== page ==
FACILITYCalgary publisher Mark Kolke, in conversation with Michael Noble
January 17, 2017
Choosing to take Foods and Nutrition over Shop Class sent him on a path, to world class Canadian Chef – to Executive Chef, to owner.
And he's a leader, not a follower. He’s been part of the ‘local food movement’ since 1986. “We don’t print it on our menus or brag about it, we just do it. I’ve done it because I believe in it”.
Born in Calgary – raised in Vancouver. Middle child of three sons, his mom an active volunteer and homemaker, his dad a construction supervisor in high-rise developments – so his time in Bridgeland was short – his family moved to Vancouver in 1970. But he came back to establish Catch at the Hyatt Hotel in 2002. Chef. Star. Entrepreneur. He’s divorced, and re-coupled. He has three grown children. And few regrets … though he made it clear in our meeting, managing his career and a marriage with three kids took a toll on the marriage.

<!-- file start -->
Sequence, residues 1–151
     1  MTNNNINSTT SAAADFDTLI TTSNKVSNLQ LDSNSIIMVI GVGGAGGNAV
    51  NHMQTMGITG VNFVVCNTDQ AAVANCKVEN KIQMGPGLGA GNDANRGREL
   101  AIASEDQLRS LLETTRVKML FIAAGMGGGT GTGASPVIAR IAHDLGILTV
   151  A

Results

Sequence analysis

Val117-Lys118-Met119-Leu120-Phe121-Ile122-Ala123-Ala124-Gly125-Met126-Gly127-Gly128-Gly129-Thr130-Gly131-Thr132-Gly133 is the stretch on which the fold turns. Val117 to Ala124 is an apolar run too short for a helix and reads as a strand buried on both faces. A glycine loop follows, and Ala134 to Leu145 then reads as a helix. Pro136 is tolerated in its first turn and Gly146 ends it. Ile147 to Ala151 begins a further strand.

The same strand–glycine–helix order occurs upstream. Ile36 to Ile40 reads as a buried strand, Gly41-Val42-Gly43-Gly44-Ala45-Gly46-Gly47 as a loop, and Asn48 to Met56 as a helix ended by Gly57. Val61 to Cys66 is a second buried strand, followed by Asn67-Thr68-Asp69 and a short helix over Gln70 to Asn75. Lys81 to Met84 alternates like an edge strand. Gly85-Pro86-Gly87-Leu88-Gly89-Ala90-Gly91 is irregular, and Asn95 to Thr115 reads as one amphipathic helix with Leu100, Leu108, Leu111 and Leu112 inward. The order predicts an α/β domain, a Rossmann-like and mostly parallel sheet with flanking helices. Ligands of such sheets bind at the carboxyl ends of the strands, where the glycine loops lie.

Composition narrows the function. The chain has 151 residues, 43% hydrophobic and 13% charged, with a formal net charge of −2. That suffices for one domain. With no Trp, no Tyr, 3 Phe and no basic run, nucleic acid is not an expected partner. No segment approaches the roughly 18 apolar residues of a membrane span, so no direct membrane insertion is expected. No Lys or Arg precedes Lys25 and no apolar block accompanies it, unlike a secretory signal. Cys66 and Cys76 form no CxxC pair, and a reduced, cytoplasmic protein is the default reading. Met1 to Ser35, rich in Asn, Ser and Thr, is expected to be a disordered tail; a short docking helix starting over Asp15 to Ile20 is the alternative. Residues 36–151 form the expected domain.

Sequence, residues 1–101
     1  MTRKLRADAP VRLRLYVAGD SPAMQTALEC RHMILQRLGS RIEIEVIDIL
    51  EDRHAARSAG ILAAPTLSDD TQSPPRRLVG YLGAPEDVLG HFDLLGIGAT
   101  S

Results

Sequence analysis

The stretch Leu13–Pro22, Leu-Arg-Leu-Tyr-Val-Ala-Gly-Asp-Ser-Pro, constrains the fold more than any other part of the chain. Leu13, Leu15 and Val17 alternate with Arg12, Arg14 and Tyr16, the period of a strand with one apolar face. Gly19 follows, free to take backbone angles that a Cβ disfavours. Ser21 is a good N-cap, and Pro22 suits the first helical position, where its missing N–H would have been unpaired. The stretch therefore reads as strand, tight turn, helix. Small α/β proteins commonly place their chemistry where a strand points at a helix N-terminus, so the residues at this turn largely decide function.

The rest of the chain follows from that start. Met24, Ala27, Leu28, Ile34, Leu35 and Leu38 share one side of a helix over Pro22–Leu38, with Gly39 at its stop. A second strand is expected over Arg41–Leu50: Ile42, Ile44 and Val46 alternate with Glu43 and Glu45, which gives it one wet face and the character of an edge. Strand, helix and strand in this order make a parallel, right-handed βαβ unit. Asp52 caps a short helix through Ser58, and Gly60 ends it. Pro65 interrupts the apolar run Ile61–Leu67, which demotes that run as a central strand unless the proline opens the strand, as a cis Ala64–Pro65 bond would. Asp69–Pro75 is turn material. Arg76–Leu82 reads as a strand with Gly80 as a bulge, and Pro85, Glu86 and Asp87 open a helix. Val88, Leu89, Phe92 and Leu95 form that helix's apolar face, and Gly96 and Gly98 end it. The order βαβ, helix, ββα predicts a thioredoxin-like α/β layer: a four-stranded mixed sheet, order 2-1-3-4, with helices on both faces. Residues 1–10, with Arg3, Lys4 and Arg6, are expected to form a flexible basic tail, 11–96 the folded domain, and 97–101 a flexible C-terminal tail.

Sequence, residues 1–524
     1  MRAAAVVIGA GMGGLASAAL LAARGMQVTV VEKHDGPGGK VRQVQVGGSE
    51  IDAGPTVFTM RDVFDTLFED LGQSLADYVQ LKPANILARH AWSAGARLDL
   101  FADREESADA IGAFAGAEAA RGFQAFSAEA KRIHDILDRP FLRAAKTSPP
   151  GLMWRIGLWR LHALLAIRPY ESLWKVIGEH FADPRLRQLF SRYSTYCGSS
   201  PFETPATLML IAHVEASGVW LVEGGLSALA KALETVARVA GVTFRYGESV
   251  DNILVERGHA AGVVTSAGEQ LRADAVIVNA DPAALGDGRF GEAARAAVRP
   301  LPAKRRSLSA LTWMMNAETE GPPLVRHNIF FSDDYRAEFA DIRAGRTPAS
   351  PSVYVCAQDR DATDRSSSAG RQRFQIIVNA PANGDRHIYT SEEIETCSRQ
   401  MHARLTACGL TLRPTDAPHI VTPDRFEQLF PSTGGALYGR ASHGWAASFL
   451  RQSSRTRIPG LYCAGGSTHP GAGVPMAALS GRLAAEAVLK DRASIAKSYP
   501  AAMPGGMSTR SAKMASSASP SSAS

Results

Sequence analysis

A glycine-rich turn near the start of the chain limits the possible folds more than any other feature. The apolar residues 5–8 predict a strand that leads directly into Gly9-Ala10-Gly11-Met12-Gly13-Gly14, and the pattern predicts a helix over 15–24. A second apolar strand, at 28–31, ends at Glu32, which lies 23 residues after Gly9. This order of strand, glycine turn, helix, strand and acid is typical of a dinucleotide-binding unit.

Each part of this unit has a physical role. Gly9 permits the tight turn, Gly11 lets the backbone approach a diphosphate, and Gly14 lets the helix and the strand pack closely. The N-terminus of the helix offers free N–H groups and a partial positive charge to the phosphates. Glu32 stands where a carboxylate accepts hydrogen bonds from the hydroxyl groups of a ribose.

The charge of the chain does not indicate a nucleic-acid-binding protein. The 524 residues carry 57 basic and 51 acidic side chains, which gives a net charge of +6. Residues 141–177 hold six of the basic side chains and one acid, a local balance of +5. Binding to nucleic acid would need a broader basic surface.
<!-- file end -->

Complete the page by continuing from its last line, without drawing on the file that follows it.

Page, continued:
Calgary-born Chef, he’s worked in Switzerland and France, attended culinary school and did his apprenticeship in Vancouver kitchens where he rose to prominence and garnered international acclaim in the 80’s and 90’s at the Hotel Vancouver, Four Seasons, then the Metropolitan Hotel. His ‘chops’ well earned in competition internationally, one of Canada’s most acclaimed chefs. And Calgary called him back in 2001 (he was 40). The owners who kept hearing his name everywhere they inquired as the ‘go-to chef in Canada’ invited him to visit their premises – an empty restored Imperial Bank Building. And he was offered the role of creator and Chef. He told his wife on the flight back to Vancouver, “well, it looks like we are moving back to Calgary”. He changed the proposed name to Catch – and he quickly established its reputation. “Coming back to Calgary was great – a fantastic city for my family”. When he left Catch, he did a consulting role creating dishes for Earl’s. The personal time afforded by a day-job took some adjusting but it re-lit his creative fire which fueled his yearning to create his own restaurant, which then hung in large part on ‘finding a great location’. His wife spotted a sign on a property on Bowness Road with high traffic, an 'easy to find' location and NOtaBLE (his medals are on display there) was born. They opened August 6, 2010 and have been a runaway success from that first day – announced by a Facebook post that brought 40 customers in the first half-hour, and by 6:15 the place was filled … and The Nash came later when NOtaBLE customers, the Kerr family who were renovating the old National Hotel building in Inglewood, invited him to take a look. He recalls those early days of NOtaBLE, “I was working seven days a week for months, but I had a $50,000 wood-fired rotisserie to pay for …". Seems that's going rather well!